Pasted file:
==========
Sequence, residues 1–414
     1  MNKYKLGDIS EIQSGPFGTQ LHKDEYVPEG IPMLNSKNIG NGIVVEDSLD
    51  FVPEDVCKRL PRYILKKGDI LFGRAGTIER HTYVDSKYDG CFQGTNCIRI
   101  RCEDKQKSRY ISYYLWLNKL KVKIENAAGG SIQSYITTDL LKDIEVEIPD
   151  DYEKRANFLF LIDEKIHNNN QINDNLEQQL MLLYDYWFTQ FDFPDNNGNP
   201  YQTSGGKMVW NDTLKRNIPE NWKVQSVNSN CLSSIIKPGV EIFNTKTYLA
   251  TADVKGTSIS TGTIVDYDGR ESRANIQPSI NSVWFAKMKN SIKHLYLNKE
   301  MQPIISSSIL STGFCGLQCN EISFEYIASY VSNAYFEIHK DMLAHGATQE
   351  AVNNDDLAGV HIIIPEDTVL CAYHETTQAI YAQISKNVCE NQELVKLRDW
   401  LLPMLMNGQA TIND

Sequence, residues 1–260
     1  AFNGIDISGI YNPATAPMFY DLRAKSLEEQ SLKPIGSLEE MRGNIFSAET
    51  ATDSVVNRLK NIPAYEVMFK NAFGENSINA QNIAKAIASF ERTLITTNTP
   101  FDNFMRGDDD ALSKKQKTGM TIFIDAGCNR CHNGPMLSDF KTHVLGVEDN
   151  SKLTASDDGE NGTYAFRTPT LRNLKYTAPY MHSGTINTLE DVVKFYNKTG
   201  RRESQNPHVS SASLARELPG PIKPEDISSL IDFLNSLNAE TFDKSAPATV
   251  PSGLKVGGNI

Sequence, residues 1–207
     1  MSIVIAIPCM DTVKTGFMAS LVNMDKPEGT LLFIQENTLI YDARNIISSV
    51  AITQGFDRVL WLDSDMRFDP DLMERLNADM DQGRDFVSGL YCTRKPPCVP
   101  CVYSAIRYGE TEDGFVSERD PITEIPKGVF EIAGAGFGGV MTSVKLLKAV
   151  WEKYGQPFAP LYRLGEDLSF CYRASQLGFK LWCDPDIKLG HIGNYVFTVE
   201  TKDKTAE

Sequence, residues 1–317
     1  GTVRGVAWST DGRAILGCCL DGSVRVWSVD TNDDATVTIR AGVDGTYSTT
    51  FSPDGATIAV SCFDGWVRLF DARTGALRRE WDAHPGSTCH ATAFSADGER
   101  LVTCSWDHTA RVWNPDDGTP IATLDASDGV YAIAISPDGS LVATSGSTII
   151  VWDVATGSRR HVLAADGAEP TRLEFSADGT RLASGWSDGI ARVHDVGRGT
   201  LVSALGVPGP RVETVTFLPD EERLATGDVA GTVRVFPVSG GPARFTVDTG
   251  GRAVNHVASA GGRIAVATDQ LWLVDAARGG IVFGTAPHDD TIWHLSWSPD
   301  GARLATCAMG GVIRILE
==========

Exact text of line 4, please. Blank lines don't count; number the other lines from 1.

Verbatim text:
   101  RCEDKQKSRY ISYYLWLNKL KVKIENAAGG SIQSYITTDL LKDIEVEIPD